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• Bernie Sanders announced April 8 he saw no path to victory over former Joe Biden in the Democratic presidential primary.
• Sanders was one of the most fact-checked candidates of the crowded primary field.
• Most of his claims were about his defining issue, Medicare for All.
Vermont Sen. Bernie Sanders threw in the towel on his second bid for the Democratic presidential nomination. Between a series of defeats that began on Super Tuesday and the coronavirus shutdown, the most liberal candidate in the Democratic primary never regained his momentum. Speaking from his home in Burlington, Vt., he told his supporters that despite some gains, he saw no path to victory.
"While we are winning the ideological battle, and while we are winning the support of young people and working people throughout the country, I have concluded that this battle for the Democratic nomination will not be successful," Sanders said April 8.
We at PolitiFact have been vetting his claims for nearly 11 years. Overall, his track record on the Truth-o-Meter shows that more often than not, his statements have the ring of accuracy. We’ve checked him 171 times, and while that includes 18 False ratings, there is not one Pants on Fire, and his most common rating is Mostly True.
During the run-up to the primary and through it, we looked at 50 of Sanders’ statements. We have no doubt that he will continue to make assertions, and that we will continue to check them for accuracy. But at this turning point, we wanted to roll back his highlights from the 2020 Democratic presidential primary.
Health care was Sanders’ defining issue. He wrote "the damn bill" (his words in one debate) that would create a Medicare for All, single-payer health insurance program. Sometimes Sanders was on target with his claims, but he had a tendency to push the limits and stray from the realm of accuracy.
"We end the $100 billion a year that the health care industry makes."
Sanders said this in his last debate in January. It’s based on the 2018 net revenues — as disclosed by the companies — for 10 pharmaceutical companies and 10 companies that work in health insurance. The math holds up. If anything, it’s an underestimate because it doesn’t include one of the largest sources of health care profits: hospitals, health systems and physicians. We rated this True.
"One out of five Americans cannot afford the cost of prescription drugs."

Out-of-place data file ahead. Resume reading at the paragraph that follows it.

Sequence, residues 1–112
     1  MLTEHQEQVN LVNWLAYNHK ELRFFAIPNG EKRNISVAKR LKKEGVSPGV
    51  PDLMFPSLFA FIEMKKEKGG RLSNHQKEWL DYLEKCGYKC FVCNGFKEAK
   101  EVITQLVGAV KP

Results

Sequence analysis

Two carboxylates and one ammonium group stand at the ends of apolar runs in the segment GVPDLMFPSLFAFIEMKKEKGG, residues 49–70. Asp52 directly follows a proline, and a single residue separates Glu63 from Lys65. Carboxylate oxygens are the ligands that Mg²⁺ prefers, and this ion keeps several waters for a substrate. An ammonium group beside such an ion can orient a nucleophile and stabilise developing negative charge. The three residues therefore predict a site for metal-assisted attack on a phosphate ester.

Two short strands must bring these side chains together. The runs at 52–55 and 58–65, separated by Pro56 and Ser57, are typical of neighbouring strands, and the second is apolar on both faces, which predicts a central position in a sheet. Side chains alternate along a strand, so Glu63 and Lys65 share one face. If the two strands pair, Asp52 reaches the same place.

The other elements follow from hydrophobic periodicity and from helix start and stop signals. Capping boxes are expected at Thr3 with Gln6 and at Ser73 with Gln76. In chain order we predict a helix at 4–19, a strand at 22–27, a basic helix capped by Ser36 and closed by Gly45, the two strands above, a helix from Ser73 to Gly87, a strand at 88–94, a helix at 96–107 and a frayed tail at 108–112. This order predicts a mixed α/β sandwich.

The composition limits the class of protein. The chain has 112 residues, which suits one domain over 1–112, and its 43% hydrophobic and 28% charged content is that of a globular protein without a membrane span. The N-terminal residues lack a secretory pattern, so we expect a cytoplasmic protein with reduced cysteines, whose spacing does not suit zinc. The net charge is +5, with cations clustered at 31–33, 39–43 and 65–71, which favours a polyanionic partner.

Sanders said this frequently, and survey data backs it up. To a point. Affordability is hard to measure. In one key poll, only about 10% said it was very difficult to pay for their medications. But affordability is a significant factor driving the prescription drug debate, and this came in at Mostly True.
"30,000 Americans a year die waiting for health care because of the cost."
This is based on some sketchy assumptions. It was extrapolated from a limited study in Oregon and health policy researchers said that the statistical significance was doubtful. Plus, it would be hard to apply one state’s results to the entire country. People do die due to lack of insurance coverage, but how many is uncertain. The fuzzy math led to a Half True ruling.
With Medicare for All, "study after study has shown that ... the average middle-class families will save $3,000 each and every year on their health care bills."
Assessing the net cost of Medicare for All bedeviled Sanders throughout his campaign. It was clear that the sweeping program would cost tens of trillions of dollars, and it was also clear that people and employers would no longer need to pay insurance premiums, deductibles or other costs. But tax hikes would be inevitable, and the question was how would most people come out in the end. Sanders always took an optimistic view, but when he said this, the studies he relied on were too old or too limited to back him up. We rated this Mostly False.
Sanders often described the American economy as "rigged" against poor and working class families. Sanders’ talking points ranged from clearly correct to largely wrong.
"The wealthiest three families now own more wealth than the bottom half of the country."